Minister orders probe into agencies dealing with at-risk kids


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Family Services Minister Kerri Irvin-Ross has ordered a review into the services provided by private companies that tend to at-risk kids in hotels and group homes.

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Hey there, time traveller!
This article was published 01/10/2014 (2919 days ago), so information in it may no longer be current.

Family Services Minister Kerri Irvin-Ross has ordered a review into the services provided by private companies that tend to at-risk kids in hotels and group homes.

The internal probe follows revelations contractors play a far greater role in the care of such children than previously thought. In 2012-13, these contractors received a total of $13.7 million — much more than some small Child and Family Services agencies get from government.

The workers employed by the private contractors are said to be ill-equipped to deal with troubled teens. They have little training, poor language skills and are badly paid.

Wayne Glowacki / Winnipeg Free Press A review ordered by the province will focus on the quality of care provided to at-risk kids by private companies such as Complete Care.

Irvin-Ross said Tuesday her department’s “accountability unit,” which scrutinizes contracts with agencies, will conduct the review.

It will focus on the quality of care supplied by the agencies — the largest being Complete Care — as well as whether contract staff receive adequate training and whether the government is getting “value” for its money, the minister said.

“It will be a thorough, in-depth review,” she said.

Such reviews occur periodically, but Irvin-Ross said she wanted to ensure it be done immediately “based on the information that I’ve heard over the last 24 hours.”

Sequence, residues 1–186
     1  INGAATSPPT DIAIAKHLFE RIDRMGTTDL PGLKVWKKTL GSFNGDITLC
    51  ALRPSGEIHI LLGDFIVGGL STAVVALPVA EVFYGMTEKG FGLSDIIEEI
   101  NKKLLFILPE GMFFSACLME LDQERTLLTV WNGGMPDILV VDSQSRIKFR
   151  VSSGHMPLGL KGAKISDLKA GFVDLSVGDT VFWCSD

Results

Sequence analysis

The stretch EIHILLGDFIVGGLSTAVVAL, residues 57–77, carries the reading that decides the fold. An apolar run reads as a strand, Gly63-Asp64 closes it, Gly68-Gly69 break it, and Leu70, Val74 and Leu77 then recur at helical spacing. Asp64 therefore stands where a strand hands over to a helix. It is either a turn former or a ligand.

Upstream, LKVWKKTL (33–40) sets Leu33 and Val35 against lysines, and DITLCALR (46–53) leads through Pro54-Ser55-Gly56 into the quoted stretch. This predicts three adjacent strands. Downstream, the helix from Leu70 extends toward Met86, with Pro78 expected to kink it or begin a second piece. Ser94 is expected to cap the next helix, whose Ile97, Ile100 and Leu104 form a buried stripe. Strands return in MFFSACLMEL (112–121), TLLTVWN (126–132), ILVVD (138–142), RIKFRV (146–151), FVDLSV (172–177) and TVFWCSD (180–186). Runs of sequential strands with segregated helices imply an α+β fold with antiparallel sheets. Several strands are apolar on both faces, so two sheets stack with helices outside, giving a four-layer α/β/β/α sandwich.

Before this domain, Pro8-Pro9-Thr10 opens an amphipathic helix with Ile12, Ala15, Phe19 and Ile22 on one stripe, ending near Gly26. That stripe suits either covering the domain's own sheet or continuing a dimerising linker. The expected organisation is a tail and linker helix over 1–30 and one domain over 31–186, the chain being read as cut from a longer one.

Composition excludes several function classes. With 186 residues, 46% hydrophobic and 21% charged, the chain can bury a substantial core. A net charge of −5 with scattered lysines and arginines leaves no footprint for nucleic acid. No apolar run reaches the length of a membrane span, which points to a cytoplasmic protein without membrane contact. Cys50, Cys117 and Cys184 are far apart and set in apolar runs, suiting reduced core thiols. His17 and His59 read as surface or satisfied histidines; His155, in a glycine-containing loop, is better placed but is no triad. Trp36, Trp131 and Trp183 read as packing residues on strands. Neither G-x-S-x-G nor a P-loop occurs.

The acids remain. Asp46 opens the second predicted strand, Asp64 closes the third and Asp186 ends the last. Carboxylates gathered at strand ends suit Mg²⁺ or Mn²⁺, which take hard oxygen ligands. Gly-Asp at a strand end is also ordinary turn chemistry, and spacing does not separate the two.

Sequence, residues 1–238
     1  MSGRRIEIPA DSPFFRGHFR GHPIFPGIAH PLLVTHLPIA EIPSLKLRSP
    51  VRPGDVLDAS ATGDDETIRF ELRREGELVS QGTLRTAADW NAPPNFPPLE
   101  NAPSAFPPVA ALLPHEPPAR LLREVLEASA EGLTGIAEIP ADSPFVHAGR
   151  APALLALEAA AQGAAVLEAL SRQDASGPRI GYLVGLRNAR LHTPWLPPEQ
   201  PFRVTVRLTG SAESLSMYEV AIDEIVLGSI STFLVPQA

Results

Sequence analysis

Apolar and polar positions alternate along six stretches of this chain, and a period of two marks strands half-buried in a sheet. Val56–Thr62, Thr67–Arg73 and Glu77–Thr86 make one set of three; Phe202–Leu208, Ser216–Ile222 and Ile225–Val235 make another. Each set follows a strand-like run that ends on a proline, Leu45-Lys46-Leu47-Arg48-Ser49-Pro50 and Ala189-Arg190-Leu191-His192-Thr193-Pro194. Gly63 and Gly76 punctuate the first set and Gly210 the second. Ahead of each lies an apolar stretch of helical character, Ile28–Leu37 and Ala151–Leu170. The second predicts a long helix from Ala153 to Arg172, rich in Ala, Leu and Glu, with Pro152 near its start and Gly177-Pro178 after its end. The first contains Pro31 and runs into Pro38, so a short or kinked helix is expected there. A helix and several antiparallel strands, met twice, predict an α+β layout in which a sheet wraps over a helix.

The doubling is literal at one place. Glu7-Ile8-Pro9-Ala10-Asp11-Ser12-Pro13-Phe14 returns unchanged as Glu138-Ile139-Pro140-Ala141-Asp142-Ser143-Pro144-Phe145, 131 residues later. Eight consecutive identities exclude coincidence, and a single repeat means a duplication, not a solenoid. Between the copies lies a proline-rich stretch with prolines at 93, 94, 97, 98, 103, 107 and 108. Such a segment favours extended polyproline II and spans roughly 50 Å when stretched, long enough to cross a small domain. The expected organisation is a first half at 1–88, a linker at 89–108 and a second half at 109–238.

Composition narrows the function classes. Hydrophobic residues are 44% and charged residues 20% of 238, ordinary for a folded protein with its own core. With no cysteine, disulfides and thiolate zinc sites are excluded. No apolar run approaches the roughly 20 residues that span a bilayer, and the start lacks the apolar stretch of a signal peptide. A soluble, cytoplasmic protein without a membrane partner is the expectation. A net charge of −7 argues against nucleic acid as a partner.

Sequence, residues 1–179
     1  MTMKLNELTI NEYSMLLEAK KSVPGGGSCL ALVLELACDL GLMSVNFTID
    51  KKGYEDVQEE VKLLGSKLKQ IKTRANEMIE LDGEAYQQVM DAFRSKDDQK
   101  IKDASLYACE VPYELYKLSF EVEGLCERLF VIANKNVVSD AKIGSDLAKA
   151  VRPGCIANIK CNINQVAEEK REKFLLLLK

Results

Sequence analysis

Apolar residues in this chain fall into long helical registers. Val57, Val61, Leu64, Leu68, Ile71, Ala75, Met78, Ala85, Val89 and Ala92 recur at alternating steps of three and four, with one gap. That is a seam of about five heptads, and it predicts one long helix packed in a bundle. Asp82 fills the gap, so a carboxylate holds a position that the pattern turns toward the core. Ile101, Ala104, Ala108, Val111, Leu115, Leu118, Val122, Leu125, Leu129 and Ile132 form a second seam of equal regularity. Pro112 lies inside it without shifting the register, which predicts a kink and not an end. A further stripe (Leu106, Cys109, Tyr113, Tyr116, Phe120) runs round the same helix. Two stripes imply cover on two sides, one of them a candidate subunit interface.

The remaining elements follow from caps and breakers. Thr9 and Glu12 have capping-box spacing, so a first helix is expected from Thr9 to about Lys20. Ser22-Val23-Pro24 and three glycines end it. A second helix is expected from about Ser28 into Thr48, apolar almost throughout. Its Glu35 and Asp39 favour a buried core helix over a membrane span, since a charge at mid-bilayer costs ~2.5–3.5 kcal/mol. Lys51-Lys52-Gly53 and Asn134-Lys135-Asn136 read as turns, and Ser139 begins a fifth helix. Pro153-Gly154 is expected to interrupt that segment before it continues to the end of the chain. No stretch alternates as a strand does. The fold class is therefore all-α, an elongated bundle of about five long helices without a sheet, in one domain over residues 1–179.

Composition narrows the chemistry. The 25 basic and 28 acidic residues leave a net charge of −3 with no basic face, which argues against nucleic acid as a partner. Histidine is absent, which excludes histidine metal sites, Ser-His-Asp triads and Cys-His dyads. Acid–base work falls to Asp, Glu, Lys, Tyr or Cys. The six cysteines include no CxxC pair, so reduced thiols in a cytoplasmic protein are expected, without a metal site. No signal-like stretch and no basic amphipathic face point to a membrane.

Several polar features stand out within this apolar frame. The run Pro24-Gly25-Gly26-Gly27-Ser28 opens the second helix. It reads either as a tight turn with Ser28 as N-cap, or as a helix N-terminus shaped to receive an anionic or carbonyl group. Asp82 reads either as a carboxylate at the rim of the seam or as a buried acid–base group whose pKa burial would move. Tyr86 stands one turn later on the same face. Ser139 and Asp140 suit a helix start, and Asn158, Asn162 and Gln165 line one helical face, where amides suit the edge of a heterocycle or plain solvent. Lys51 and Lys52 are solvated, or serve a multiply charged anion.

She also said she wanted more details, in general, about the services private contractors provide to her department.

A former Complete Care worker told the Free Press Monday there were inadequate supports for employees looking after at-risk kids in hotels.

She said staff often knew nothing about the child they were expected to supervise for shifts as long as 12 hours.

Irvin-Ross also said the province will open a facility for high-risk girls and young women in the coming weeks. She did not disclose the location for security reasons. She said further details will be released when the formal announcement is made.

“It will be a secure facility that will provide support to kids involved with Street Reach,” she said, referring to a program that attempts to prevent sex abuse and exploitation of runaways.

“These are very high-risk young women that have lots of complex needs, and we need to protect them,” Irvin-Ross said.

A government spokeswoman said the girls targeted for the new facility would generally be more high-risk than those placed temporarily in hotels. She said, however, the existence of such a facility would help ensure such high-risk kids don’t wind up in a hotel.

Sources say Tina Fontaine was not listed as a high-risk youth until after she was reported missing. Tina, the 15-year-old whose body was discovered in the Red River in August, had apparently been taken to a downtown hotel for supervision by a CFS worker before she disappeared.

Irvin-Ross said the new facility will contain fewer than a dozen beds.

Larry Kusch

Larry Kusch
Legislature reporter

Larry Kusch didn’t know what he wanted to do with his life until he attended a high school newspaper editor’s workshop in Regina in the summer of 1969 and listened to a university student speak glowingly about the journalism program at Carleton University in Ottawa.


Updated on Wednesday, October 1, 2014 6:30 AM CDT: Changes photo

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